Surprising possibilities for amending the pension equalisation after the death of the spouse entitled to equalisation
1) In several decisions (XII ZB 426/15 and XII ZB 466/16), the Federal Court of Justice has opened up the possibility of achieving a complete elimination of the pension equalisation carried out upon divorce in the event of the death of the divorced spouse entitled to equalisation beyond the options explicitly mentioned in the law.
This can only affect decisions on pension equalisation that have been made since the introduction of pension equalisation in 1977 until 2009 in accordance with the pension equalisation law applicable until 31 August 2009.
In particular, the decisions of the Federal Court of Justice open up the possibility of cancelling the pension equalisation, even if the spouse entitled to equalisation had already drawn a pension for a long time before his or her death, on which the pension equalisation had a positive effect. The time limit of a maximum of 36 months for which the spouse entitled to equalisation may have drawn a pension, as stipulated in Section 37 of the Pension Equalisation Act, does not apply in these cases.
2 However, the death of the spouse entitled to equalisation alone is not sufficient to be able to apply for such a modification of the pension equalisation with prospects of success. In addition, there must have been a significant change in the relevant pension entitlements on the part of the spouse obliged to equalise or on the part of the deceased spouse entitled to equalisation in comparison to the situation on which the original decision on pension equalisation in the divorce was based. These changes must have occurred in relation to the period of marriage for which the pension equalisation was carried out.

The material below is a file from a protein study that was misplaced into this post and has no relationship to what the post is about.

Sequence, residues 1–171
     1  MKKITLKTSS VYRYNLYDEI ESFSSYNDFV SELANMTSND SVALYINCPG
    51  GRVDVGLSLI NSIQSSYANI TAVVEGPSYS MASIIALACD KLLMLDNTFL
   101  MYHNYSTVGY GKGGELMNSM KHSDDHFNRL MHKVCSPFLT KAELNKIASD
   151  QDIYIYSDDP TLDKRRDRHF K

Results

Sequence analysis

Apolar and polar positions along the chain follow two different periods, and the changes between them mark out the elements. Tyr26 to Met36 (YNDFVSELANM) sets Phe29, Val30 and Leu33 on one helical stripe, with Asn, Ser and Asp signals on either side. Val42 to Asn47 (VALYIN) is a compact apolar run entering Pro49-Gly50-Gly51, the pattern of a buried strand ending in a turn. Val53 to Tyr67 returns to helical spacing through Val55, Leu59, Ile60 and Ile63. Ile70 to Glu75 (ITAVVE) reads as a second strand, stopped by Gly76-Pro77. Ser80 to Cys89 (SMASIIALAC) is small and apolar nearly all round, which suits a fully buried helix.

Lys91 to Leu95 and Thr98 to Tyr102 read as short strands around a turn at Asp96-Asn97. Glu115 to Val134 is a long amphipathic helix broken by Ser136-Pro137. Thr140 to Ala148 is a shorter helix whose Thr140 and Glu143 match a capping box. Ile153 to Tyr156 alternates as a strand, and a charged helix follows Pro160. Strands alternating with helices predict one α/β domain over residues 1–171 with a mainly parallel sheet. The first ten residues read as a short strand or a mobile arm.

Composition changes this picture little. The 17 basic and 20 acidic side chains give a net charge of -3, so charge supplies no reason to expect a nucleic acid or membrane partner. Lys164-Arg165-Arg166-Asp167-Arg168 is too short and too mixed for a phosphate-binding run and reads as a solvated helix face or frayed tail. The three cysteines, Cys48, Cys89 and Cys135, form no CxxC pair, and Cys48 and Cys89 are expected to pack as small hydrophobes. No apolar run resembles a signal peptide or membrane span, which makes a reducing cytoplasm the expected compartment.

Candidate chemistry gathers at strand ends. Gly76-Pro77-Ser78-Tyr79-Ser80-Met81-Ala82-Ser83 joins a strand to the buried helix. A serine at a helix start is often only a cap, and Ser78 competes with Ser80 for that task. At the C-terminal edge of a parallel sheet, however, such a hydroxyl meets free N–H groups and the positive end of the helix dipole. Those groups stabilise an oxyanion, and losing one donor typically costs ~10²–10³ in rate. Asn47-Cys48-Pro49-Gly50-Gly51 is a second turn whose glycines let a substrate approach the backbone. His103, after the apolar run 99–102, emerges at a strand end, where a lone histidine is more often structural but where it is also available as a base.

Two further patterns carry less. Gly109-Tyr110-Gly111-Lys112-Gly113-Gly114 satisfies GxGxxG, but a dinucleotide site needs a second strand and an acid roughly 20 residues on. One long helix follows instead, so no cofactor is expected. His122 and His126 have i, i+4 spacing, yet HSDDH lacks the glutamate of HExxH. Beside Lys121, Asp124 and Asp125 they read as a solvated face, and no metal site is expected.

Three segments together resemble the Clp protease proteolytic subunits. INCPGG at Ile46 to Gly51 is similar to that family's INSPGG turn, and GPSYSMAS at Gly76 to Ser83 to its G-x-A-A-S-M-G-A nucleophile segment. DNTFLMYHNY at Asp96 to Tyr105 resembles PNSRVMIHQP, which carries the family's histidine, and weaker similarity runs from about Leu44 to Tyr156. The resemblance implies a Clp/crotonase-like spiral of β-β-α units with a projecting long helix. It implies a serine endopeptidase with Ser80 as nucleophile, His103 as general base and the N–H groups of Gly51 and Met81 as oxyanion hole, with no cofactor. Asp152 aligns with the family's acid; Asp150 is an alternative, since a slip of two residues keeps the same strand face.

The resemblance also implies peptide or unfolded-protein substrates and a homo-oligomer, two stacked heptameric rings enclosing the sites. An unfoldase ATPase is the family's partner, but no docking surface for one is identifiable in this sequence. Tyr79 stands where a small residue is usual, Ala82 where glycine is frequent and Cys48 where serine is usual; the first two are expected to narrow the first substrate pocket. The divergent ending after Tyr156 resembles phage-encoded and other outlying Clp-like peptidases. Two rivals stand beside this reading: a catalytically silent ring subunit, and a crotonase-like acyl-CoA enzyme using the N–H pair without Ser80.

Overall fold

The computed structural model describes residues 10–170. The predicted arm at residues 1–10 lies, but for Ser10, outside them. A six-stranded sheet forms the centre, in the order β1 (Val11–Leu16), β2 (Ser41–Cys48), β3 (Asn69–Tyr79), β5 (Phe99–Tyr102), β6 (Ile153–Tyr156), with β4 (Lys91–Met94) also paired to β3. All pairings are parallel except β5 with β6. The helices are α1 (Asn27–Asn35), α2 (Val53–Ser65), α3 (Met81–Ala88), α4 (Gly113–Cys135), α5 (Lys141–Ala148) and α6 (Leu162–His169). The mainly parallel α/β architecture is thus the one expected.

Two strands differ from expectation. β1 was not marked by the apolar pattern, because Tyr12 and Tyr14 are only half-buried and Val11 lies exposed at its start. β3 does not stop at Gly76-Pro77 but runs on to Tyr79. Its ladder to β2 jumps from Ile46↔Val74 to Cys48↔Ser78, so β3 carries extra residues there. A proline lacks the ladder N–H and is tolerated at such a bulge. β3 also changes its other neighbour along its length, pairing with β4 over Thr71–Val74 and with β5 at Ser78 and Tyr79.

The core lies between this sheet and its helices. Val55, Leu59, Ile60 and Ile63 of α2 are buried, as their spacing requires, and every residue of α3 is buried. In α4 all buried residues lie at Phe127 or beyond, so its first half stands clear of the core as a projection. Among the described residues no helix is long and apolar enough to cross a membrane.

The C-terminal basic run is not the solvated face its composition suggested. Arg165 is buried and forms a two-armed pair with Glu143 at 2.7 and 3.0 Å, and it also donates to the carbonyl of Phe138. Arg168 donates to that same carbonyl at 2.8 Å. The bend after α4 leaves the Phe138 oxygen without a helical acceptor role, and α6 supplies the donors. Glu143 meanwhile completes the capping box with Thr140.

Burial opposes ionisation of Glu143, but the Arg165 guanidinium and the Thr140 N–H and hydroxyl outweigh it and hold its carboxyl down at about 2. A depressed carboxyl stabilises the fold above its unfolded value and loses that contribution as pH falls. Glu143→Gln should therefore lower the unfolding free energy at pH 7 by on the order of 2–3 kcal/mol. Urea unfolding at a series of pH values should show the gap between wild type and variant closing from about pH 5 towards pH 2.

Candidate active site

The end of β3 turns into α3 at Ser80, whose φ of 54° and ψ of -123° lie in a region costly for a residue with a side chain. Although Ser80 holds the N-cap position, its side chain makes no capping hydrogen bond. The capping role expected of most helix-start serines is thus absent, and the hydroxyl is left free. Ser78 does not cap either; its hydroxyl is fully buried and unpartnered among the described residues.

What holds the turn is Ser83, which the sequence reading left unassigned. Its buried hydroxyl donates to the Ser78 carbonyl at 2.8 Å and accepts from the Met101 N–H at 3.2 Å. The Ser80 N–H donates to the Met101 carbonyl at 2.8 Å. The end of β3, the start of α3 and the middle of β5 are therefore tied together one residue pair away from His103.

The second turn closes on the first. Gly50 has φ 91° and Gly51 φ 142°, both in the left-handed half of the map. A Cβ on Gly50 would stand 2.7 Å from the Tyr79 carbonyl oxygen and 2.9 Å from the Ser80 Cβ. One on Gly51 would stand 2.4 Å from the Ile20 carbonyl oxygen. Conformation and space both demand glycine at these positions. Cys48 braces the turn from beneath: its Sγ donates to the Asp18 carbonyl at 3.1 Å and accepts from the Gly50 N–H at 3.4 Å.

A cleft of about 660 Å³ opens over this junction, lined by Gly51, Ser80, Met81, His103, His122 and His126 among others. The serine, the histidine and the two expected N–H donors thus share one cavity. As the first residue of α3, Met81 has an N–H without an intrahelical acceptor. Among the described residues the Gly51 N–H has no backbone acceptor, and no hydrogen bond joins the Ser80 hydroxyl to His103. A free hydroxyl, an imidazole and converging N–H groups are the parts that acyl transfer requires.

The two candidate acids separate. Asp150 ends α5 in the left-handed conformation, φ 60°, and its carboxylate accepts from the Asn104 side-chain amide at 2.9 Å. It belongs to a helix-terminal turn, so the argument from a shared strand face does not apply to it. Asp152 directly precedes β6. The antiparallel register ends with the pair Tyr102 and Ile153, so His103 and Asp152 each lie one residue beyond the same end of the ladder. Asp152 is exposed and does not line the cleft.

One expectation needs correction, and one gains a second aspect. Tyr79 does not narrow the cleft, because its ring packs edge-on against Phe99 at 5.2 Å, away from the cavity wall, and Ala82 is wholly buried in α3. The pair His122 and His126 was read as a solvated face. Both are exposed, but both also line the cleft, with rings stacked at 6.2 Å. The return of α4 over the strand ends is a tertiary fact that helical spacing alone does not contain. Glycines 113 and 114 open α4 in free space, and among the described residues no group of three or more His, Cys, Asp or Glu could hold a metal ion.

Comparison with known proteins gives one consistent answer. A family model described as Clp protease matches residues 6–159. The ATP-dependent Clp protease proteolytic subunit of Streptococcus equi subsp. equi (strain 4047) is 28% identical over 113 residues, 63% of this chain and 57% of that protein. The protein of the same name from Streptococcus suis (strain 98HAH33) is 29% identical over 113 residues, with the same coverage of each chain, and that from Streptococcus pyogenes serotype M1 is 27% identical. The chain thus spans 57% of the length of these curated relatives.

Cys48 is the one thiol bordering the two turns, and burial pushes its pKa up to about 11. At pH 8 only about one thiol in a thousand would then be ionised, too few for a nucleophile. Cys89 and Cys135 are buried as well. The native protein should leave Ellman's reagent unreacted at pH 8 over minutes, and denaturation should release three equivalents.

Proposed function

3. there are some groups of cases in which a significant change may typically have occurred that leads to a reason for amendment:
- At least one of the spouses is or was a civil servant and has a higher or lower pension than that on which the original decision on pension equalisation was based.
Possible reasons for this include the general reduction in the maximum pension rate for civil servants, the discontinuation of the Christmas bonus previously paid or early retirement.
- Comparable changes are also possible for divorced spouses who receive a statutory pension.
Probably the most important case in practice is the subsequent attribution of child-raising periods if these did not exist at all or only to a lesser extent when the original decision on pension equalisation was made. This also includes additional pension entitlements due to the "mothers' pension".
There may also be a significant change compared to the circumstances on which the decision on pension equalisation was originally based, e.g. due to the fact that periods of school and university education no longer have the effect of increasing pensions.
- Finally, such an application for amendment can also be considered, for example, if an occupational pension was converted in accordance with the provisions of the Cash Value Ordinance applicable until 2009 when the original decision on pension equalisation was made and then - this was the consequence of the old legal situation - only a significantly lower amount than its actual value was included in the calculation of the pension equalisation.
4. if a decision on pension equalisation was made in accordance with the law applicable until 2009 and the spouse entitled to equalisation has predeceased the spouse, it may always be worthwhile to have a specialist examine whether an amendment procedure has any prospect of success. This is because even relatively minor changes to pension and retirement entitlements are usually sufficient to allow the pension equalisation to be cancelled altogether with effect for the future. A modification of the decision on pension equalisation is always only possible with effect from the date of submission of a corresponding application to the family court, i.e. not retroactively for the period from the death of the spouse formerly entitled to equalisation.
Lawyer Andreas Wucherpfennig
Specialist lawyer for family law